Thomas, it turned out, was happy to. He didn’t seem at all suspicious, and gave Stray more examples than he needed. For the next hour he listened as Thomas went over various ways that the Ironhorse Sanctuary was protected by seemingly mundane decorations and talismans, that really shouldn’t have provided any protection against anything, but somehow did. There turned out to be a whole lot more of them than Stray had even thought existed. The hardwood floors of the sanctuary were made of rowan wood which, like iron, was poisonous to most fae. The grounds were planted, or would be planted later in the spring, with herbs and flowers like vervain, rosemary, angelica, and bracken, which repelled the Eldritch. Other plants with those same or similar properties, like evergreens, holly, ivy, and mistletoe, had been dried and turned into wreaths that were on the walls inside, and acorns were placed on the window sills. By the time he was finished, Stray had more than enough examples to give Declan.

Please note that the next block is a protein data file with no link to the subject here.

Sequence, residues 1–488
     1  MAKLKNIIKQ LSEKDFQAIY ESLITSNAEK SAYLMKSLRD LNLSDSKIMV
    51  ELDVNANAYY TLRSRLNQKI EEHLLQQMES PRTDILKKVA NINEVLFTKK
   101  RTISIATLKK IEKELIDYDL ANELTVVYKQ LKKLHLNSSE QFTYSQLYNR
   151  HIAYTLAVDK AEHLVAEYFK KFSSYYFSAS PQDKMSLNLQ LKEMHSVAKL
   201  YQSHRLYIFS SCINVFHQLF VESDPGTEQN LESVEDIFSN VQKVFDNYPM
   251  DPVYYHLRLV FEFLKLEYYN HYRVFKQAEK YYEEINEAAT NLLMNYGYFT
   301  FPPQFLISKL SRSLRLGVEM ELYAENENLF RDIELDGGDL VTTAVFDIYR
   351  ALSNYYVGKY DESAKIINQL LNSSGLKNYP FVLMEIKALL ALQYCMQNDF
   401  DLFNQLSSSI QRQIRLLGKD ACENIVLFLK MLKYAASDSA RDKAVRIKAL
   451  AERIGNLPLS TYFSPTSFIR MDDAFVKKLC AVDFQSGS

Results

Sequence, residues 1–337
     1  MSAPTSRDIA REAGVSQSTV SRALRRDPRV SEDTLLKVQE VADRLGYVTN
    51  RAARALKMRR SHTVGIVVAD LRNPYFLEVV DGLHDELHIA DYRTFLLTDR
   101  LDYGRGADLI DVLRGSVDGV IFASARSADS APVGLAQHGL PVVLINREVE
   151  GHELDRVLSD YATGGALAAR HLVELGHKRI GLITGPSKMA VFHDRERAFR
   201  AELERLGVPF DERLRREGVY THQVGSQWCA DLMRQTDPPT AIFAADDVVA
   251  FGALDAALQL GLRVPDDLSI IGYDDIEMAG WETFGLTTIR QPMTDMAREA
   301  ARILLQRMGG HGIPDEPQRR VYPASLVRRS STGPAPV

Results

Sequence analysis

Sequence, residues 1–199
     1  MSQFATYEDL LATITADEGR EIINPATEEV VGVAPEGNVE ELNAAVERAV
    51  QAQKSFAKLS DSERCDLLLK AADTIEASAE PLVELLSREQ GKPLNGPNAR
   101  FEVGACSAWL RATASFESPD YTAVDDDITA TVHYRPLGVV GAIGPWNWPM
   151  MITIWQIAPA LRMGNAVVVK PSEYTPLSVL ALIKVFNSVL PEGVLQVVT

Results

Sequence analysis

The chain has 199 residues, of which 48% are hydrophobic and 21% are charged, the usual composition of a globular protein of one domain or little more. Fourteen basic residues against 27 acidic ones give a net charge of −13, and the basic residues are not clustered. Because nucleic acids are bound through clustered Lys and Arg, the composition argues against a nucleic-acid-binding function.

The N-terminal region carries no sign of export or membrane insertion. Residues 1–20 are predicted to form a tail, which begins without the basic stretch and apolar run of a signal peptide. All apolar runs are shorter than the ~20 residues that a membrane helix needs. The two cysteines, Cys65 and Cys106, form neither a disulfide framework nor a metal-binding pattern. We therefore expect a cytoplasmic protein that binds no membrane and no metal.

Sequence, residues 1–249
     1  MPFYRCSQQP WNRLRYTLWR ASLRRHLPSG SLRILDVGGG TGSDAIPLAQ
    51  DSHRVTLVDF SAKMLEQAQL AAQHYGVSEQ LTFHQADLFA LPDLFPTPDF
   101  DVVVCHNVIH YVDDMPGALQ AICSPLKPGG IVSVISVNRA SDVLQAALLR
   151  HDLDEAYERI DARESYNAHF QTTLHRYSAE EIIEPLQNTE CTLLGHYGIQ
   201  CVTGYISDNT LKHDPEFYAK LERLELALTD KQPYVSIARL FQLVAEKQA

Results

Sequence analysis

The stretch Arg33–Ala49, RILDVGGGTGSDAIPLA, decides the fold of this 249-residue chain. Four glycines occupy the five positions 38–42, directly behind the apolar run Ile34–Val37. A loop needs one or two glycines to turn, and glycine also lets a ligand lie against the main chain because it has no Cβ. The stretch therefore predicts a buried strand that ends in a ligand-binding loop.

He spent the afternoon exploring the sanctuary – something he hadn’t really gotten the chance to do yet. Declan had warned him against going into the cellar or attic, and though normally anywhere he was told not to go would have been the first place he checked out as soon as he knew he wasn’t being watched, this time it really didn’t seem like a good idea. Who knew what kind of dangerous crap a place like the Ironhorse Sanctuary kept around?
The rest of the house, he’d been assured, was perfectly safe for all non-Eldritch. Stray had already seen the library, the kitchen, and the living room, but now he had the chance to see all the rest of what was there. There was a room that seemed to be devoted to the overflow from the library, with stacks and stacks of books piled on the floor, and against the walls, though there were no shelves. Another room seemed to be a second, smaller living room. Then there was one that seemed to be a big dining room, even though so far they’d taken all their meals in the kitchen, and at the back of the house there was a section of the wrap around porch that had been converted into a greenhouse.